"Runs. Ah, runs."
For some reason, the final words of Rabbit, Run have stayed with me all these years, decades after I first read the book in high school. Maybe the idea of a man desperately trying to escape what he saw as his dead-end life held a strong appeal for my teenage self. For whatever reason, it was my introduction to a writer whose uncanny way with words has repeatedly astonished me over the decades, especially considering the volume of his output.
Updike, who died Tuesday, was probably most closely identified with the four "Rabbit novels," and similar books portraying the disquiet and frustration simmering below the pavement of the suburbs. Yet, in the middle and later part of his career he also wrote novels laid in Africa, South America, the historical past, and, in one case, the future. And, of course, in addition to his novels, his more than sixty published volumes include short stories, poetry, essays, and literary and art criticism.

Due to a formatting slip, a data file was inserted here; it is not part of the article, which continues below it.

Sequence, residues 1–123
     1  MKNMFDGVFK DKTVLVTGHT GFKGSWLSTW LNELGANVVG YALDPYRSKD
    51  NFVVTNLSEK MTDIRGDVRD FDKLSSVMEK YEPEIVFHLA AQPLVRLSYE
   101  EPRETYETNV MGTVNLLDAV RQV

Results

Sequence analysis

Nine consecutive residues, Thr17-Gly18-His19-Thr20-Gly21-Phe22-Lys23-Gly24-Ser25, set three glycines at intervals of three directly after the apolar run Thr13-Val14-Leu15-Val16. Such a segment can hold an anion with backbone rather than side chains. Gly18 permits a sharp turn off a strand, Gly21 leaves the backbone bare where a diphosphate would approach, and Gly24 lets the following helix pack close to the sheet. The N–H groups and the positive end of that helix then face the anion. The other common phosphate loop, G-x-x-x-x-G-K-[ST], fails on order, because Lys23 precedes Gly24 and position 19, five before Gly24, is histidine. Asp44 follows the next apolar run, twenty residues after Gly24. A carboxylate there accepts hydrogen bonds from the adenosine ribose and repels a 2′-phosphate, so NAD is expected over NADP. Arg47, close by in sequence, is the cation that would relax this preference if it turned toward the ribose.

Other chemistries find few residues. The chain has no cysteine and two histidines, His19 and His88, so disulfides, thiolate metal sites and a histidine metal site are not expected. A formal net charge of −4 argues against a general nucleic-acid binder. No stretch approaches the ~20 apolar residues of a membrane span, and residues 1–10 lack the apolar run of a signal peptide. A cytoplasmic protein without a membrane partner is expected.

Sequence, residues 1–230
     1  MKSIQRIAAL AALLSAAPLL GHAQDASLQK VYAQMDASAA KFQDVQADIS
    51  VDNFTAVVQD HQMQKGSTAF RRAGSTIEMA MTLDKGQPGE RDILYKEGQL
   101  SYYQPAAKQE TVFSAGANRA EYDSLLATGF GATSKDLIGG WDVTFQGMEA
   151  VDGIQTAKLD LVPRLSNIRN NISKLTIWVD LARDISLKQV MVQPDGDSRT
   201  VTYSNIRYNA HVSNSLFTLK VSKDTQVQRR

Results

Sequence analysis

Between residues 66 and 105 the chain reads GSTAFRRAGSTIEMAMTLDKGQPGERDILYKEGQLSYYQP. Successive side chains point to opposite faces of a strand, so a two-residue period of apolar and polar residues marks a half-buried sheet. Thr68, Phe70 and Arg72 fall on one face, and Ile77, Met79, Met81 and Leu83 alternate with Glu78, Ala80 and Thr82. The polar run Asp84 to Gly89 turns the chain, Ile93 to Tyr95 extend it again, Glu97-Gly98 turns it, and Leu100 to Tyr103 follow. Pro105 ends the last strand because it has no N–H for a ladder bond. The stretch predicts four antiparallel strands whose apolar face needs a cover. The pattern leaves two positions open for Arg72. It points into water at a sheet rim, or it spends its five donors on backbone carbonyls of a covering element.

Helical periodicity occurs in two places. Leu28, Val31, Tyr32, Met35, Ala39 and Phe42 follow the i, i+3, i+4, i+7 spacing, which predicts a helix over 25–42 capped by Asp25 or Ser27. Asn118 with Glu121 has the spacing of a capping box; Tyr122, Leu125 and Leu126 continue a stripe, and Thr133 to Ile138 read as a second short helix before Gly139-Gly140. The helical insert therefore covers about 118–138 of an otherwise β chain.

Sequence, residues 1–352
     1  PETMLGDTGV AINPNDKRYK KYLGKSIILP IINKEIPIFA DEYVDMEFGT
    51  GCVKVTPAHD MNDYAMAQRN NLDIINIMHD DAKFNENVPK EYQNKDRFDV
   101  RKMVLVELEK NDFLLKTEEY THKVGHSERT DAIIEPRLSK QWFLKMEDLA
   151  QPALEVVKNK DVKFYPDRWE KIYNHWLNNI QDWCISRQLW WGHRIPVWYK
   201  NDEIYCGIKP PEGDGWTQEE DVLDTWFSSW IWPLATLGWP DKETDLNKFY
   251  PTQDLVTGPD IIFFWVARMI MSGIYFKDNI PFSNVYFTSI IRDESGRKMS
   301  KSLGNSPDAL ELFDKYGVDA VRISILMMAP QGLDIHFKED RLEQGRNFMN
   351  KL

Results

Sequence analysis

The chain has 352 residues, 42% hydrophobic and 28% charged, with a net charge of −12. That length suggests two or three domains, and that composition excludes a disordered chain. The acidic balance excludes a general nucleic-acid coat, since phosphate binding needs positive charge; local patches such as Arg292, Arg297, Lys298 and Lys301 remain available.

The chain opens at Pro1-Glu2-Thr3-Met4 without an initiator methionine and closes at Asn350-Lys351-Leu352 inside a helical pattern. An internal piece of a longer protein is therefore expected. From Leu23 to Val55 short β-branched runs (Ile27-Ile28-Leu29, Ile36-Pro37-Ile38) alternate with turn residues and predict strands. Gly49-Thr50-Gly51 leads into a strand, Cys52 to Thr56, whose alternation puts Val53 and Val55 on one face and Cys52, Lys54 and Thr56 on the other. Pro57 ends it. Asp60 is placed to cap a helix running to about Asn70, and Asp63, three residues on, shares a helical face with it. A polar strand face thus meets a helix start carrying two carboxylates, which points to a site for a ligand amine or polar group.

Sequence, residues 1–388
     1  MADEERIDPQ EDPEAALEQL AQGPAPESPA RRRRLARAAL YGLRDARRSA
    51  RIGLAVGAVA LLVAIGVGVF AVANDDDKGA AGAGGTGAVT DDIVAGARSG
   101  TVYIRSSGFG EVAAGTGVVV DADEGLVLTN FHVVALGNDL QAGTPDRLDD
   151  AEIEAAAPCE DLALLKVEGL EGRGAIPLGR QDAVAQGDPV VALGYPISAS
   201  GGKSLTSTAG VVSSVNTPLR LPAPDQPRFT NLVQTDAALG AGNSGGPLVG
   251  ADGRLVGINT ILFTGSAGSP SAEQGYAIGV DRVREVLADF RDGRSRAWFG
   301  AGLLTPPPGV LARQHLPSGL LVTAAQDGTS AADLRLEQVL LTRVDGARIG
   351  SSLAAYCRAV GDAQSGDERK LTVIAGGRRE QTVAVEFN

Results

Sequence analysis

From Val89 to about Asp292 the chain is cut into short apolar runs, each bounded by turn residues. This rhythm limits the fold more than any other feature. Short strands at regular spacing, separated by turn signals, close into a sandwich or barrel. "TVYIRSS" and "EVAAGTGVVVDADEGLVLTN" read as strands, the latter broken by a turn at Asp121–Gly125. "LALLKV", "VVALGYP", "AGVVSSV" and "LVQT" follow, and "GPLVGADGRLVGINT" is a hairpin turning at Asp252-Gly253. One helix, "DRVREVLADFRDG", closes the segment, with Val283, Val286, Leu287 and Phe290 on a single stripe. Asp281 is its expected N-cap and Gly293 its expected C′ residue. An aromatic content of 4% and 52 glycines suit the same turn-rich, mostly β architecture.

Considering Updike's longtime close association with The New Yorker, it isn't surprising that that magazine's website has an extensive tribute to him at the moment with remembrances from, among others, Joyce Carol Oates, E. L. Doctorow, Richard Ford, Paul Theroux, and Julian Barnes. There is also a list of more than 800 pieces Updike wrote for the magazine, many of them freely available online.
Elsewhere, there was this tribute from Philip Roth, one of Updike's few contemporaries who rival his literary eminence: "John Updike is our time's greatest man of letters, as brilliant a literary critic and essayist as he was a novelist and short story writer. He is and always will be no less a national treasure than his 19th-century precursor, Nathaniel Hawthorne."